POLITICS FEEDBACK: Cash bail-out botched
17 February 2009
In BusinessCar's new monthly analysis, we dissect the latest big political stories, from a £2.3bn offering to raking in £67.7m. Tom Webster takes a view
Business secretary Peter Mandelson has finally announced Governmental aid for the car industry. The loans, which Mandelson claimed were "no bail-out", totalled £2.3bn, a figure denounced by Tory shadow business secretary Ken Clarke as "small beer", but welcomed, on the whole, by other areas of the car industry, including the SMMT and the BVRLA among others.
As well as being criticised for only focussing on the building of new cars, the Government wouldn't guarantee that car makers' funding arms would be granted easy access to loans. Mandelson also ducked out of confirming there'd be anything to allow car buyers access to guaranteed cash at a rate in some way linked to the rock-bottom base rate. Instead, he told Mervyn Davies, who'd only been trade minister for two weeks at the time, to "draw up a plan for improving their access to finance". Sadly, the Bank of England reportedly told him where to go. Apparently, technical issues have to be resolved so Davies might end up asking other banks to act as middlemen for the 'special liquidity scheme'. This would allow them to turn liquid assets, such as unsold cars, into cash, which could then be used for customer loans and to run the car businesses themselves.
While it can only be good that the UK car industry has had a cash injection, Mandelson is throwing money at the wrong end of the food-chain. To get fleet and retail buyers spending, more must be done to help potential bargain hunters. Drastic tax cuts on the purchase price of low-emitting cars, and loans at near base-rate, will do more to get cash and confidence flowing again.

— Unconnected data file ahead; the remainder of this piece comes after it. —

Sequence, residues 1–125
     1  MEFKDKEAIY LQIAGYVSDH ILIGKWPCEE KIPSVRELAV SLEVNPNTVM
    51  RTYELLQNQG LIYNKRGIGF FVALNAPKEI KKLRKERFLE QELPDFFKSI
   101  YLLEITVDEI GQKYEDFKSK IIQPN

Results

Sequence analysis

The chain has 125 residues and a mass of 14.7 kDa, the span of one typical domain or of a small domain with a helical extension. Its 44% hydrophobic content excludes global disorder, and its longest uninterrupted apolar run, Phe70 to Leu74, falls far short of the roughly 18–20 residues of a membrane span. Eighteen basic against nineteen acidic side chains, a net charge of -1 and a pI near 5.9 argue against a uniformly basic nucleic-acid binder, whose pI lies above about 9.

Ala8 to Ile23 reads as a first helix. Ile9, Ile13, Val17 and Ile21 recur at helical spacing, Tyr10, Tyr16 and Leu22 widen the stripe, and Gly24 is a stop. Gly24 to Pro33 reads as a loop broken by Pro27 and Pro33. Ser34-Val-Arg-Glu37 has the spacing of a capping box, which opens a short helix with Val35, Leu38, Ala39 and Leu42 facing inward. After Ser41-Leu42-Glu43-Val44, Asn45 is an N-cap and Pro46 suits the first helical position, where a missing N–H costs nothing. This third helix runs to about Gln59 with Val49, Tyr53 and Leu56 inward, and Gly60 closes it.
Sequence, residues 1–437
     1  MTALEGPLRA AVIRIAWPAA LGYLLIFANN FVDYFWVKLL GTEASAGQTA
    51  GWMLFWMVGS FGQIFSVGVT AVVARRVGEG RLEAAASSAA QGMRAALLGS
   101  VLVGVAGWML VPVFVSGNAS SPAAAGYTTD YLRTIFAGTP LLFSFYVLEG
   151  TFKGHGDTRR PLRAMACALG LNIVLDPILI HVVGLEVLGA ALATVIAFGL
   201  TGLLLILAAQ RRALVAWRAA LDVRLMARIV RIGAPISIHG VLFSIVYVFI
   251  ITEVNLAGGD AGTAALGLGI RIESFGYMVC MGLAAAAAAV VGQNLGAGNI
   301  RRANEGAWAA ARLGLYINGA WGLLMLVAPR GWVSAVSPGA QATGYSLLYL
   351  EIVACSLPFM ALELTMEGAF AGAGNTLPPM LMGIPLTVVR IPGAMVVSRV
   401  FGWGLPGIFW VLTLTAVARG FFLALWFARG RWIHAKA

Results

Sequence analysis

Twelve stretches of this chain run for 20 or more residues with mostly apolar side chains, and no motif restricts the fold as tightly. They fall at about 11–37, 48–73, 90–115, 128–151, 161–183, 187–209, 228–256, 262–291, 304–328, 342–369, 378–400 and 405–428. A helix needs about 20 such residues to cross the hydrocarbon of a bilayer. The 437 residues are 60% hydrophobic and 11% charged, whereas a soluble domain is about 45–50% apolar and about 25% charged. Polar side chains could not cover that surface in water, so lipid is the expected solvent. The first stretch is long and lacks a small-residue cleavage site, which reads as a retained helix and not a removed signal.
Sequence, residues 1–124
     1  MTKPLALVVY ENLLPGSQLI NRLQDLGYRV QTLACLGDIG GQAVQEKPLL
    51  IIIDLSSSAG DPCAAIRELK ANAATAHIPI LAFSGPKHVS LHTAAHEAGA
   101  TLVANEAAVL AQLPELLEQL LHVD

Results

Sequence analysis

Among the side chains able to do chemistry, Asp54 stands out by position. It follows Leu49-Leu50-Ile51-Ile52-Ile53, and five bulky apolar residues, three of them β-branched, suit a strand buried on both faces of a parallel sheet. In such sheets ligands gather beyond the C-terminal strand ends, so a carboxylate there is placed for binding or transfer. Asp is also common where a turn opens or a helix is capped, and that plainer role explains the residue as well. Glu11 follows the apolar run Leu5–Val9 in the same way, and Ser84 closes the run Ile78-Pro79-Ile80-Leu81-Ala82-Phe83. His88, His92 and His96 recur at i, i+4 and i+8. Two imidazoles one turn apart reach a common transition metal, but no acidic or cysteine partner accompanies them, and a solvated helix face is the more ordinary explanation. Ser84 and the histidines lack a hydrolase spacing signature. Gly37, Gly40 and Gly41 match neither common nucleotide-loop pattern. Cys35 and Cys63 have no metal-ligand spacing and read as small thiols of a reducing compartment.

The Dartford Crossing has reported it took more than £65.7m in cash in their 2007-08 accounting year. The figure is down from the previous year's £66.5m, but the charge has now been increased from £1 for cars to £1.50.
It would seem that anyone still believing the Dartford Crossing toll would be scrapped once the scheme had paid for itself can now let go of their final shreds of hope.
Instead of slowing down the flow of money coming in off the bridge, the prices have been ramped up. The good news is that night-time crossings are now free, but where's the justification for a cash-cow that increases pollution and congestion - costing UK business countless millions - as thousands of cars per day plod up to the toll booth?
MPs have finally voted in favour of the proposal to build a third runway at Heathrow airport. The vote was taken in response to a Conservative motion opposing the scheme and was passed with a majority of 19.
While money is supposedly tight, there is enough to bulldoze a village and further clog up the skies over London with a third runway.
London already has five international airports, and nearly 10% of Heathrow's annual 67.9m passengers are domestic travellers. Rather than increasing the capacity and ability to fly from one end of the country to the other, the cash could be invested in high-speed rail links, and even on improving a beleaguered road network.